Friday General Session Offers Interesting Twist on Lean Processing
Friday, Nov. 2, 2007
By Leona Dalavai Scott, Editor-in-Chief
The discussion of lean processing took on a creative twist during Friday morning’s general session at the International Autobody Congress and Exposition (NACE). The session, which was sponsored by Akzo Nobel, featured a skit titled “Ray’s Bar,” reminiscent of the old “Cheers” show.
|A new approach to teaching Lean Practices, Friday’s panel discussion was set up in a bar scene and a running a successful collision repair shop was compared to running a bar.
The stage featured a modern bar scene with silver tables and barstools. The story centered around three collision center managers/owners who are attending NACE. The owners are having a discussion about the industry and relating stories of the lean journey that their businesses have been on over the last two years. The bar owner, Ray – “played” by Doug Kirk, a seasoned veteran of the collision repair industry – used to own a body shop and is skeptical as he eavesdrops on the conversation between the three owners.
Ray believes progressive ideas like lean processing cannot be implemented. As the story unfolds, he struggles to understand lean principles and how they can be applied to his bar. By the end of the story, he has applied some of the principles, which have resulted into his bar being cleaner, more customer focused, better organized and has a smoother work flow – all key concepts to lean processing.
|Business process improvement expert, Gary Steele, who has been practicing, consulting and implementing "Lean Thinking" for 15 years, narrated Friday’s General Session panel entitled, “De-Mystifying ‘Lean’ – Creating Process Centered Environments.”
Gary Steele, a business process improvement expert, narrated the skit. Those “playing” the role of the three owners are Ken Friesen, owner and president of Concours Collision Centers; Michael Giarizzo, president and CEO of DCR Systems Accident Repair Centers; and John Beckworth, Mile One Collision Works Inc.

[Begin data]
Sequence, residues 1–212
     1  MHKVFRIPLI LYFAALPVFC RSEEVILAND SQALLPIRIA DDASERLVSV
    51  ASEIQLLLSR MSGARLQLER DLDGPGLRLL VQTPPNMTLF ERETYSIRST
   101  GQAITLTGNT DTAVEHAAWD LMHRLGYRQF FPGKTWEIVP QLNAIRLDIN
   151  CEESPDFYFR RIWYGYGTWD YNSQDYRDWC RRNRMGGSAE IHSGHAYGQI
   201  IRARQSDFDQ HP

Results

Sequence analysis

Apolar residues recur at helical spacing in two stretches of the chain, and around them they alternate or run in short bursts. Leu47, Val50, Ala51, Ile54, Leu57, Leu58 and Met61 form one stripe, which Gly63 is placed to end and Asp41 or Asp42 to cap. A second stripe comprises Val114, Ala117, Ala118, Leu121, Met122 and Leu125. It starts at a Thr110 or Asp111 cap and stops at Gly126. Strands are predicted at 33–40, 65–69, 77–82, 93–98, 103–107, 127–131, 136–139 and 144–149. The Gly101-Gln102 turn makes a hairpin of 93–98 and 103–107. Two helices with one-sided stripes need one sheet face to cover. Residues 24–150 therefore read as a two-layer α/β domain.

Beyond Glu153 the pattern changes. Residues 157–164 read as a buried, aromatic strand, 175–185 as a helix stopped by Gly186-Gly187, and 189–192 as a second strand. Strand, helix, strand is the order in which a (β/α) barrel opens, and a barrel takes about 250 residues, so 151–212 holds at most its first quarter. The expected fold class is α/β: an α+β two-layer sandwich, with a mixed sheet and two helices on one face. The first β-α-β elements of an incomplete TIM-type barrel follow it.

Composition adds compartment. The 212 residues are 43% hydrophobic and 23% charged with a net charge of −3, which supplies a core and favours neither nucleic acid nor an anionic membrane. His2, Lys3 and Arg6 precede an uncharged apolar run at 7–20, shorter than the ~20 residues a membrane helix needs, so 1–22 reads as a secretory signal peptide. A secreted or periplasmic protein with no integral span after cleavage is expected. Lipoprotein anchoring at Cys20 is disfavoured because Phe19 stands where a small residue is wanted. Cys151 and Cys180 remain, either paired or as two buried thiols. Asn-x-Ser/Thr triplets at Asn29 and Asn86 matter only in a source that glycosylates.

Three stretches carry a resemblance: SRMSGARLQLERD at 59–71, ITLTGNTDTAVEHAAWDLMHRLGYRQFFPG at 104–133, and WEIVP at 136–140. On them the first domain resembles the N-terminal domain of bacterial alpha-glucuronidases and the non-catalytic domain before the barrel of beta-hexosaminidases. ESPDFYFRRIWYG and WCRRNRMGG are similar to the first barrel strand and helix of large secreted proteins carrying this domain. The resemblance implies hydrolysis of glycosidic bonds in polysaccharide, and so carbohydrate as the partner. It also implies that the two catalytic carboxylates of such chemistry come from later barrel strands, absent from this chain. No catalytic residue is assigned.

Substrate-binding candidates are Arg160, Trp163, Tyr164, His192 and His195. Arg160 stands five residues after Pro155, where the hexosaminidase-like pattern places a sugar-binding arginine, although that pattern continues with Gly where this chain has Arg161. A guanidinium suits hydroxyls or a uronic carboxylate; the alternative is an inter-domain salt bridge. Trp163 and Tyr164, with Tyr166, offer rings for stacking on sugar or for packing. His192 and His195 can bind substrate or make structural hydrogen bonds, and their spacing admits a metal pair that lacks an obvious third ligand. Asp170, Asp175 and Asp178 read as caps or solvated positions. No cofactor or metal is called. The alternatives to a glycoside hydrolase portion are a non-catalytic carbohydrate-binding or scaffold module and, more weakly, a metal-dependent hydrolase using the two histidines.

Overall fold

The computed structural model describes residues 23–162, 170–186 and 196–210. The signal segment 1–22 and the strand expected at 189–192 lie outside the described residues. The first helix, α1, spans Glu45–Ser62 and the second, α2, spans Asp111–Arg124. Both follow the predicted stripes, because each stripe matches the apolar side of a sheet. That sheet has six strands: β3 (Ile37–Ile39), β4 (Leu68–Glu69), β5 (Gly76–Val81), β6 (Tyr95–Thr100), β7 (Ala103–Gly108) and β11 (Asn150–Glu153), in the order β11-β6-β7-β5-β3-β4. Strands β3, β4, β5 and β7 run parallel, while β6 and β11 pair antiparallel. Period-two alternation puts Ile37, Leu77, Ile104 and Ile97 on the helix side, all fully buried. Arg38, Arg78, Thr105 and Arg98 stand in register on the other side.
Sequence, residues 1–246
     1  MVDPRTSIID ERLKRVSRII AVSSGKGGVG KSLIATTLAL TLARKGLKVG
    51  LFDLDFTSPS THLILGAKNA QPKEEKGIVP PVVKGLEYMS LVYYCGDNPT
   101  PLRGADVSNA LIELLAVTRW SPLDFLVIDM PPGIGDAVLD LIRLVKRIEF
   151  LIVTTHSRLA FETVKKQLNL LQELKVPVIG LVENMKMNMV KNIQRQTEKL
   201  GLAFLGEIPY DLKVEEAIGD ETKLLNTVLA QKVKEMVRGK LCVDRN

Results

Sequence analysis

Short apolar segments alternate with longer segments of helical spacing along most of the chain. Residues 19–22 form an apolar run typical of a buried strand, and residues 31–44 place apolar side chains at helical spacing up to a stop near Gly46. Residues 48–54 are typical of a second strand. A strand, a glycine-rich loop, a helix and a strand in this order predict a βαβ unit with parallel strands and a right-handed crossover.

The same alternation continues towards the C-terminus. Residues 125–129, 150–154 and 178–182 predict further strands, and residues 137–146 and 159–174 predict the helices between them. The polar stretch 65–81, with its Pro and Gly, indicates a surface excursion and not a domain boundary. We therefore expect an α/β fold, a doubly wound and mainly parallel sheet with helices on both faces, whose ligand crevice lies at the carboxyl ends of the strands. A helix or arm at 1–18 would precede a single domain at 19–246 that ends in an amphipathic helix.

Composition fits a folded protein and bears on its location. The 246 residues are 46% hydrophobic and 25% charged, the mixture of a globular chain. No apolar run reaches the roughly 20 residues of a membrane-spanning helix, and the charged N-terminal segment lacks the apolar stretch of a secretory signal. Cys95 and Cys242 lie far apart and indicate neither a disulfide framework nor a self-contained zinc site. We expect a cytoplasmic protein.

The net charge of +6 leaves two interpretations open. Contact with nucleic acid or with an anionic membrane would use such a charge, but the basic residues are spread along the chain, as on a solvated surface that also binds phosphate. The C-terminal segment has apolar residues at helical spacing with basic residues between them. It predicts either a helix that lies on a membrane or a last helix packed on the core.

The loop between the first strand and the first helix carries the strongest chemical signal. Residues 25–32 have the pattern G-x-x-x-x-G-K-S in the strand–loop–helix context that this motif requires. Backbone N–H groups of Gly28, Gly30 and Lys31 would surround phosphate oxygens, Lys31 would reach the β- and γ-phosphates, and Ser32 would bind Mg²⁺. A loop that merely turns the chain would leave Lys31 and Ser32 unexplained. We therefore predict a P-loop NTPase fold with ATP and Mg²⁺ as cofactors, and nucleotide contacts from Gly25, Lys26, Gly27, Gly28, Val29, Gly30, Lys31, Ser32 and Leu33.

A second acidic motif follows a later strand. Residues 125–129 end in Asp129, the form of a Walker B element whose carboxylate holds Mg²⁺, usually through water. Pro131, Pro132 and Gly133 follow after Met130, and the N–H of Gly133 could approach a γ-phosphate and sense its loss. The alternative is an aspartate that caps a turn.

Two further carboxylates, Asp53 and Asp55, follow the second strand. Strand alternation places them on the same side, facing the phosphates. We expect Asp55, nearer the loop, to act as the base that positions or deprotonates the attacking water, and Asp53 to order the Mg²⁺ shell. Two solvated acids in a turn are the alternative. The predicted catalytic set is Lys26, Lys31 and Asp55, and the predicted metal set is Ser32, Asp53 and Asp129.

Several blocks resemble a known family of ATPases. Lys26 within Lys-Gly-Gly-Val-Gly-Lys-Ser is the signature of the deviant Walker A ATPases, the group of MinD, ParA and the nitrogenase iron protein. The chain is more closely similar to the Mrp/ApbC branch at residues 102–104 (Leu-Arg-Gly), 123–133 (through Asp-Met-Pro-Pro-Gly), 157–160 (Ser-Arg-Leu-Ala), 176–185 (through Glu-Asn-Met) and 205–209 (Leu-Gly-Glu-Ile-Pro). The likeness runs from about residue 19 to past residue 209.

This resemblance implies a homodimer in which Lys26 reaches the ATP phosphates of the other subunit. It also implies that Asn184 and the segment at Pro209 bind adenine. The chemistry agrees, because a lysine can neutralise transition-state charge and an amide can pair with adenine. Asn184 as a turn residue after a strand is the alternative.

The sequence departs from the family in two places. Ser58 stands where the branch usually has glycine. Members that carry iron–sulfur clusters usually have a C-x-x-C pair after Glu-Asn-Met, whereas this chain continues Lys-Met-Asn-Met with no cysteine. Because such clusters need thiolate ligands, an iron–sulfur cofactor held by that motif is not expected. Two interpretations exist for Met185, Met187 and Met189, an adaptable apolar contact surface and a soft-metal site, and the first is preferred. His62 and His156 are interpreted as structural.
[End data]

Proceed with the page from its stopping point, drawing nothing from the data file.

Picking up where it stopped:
Steele kicked off the discussion with a definition of “lean” and why it needs to be demystified.
“Well, in a nutshell, lean is a fundamentally better way of doing business,” said Steele. “It requires demystification because, for many, it has been reduced to a series of buzz words, phrases and so-called tools.
“Lean may be better defined as what it is not. Lean is not something that can be done. It is something that you do.”
He said that for collision repair shops, the power of lean comes from translating the theoretical concepts of lean into implementation.
To demonstrate the importance of customer focus, the skit showed the three owners wanting to order drinks, but Ray was too busy reading the newspaper and talking on the phone to take their drink orders.
That example was a perfect opportunity for the shop owners to delve into a discussion on the first element to lean processing – the 5s: sort, set in order, shine, standardize and sustain. By implementing these elements, the customer becomes the focus.
Ways that shops can implement the 5s include tool and parts organization, labeling, paper file organization, clearing clutter and creating a clean environment.
Next, Steele guided the audience through the importance of the second principle to lean – continuous flow. He defined continuous flow as the manufacturing process in which a product flows without waiting through various operations in design, order taking and production with back flows, scrap or the need for excess inventory.
Implemented during the skit, Ray sees continuous flow as bringing his customers refills of their drinks so when they finish one drink, they have another available. As one of the shop owners said, continuous flow is all about “keeping it moving.”
The next concept in lean processing is in-process quality. It is defined as striving to do everything on time, effectively and accurately. The process includes numerous “check points” where the work is assessed against predetermined standards prior to advancing to the next step of the process rather than waiting until the end of the process. For example, if a particular piece of work fails a quality inspection at any point in the process, it cannot move forward in the process until it has been corrected.
Some of the great benefits to in-process quality include decreases in come-backs and cycle time and increases in overall quantity, accountability and customer satisfaction.
In the shop owner discussion of in-process quality, the owners agreed the importance of establishing clear check points at each stage of the repair process that technicians are responsible for before handing the job off to the next technician involved in the repair process.
The final element to lean processing is real-time administration. It can be described as the administrative process in which files are kept up-to-date all of the time. All actions are recorded as they happen and the process does not move forward until all actions are recorded. In real-time administration, the “paper work” travels with the “job.”
The skit ended with Ray realizing that lean processing isn’t just some irrelevant theory. It’s a real process of implementing a more efficient and workable business.
“This is really the body shop of today,” said Steele.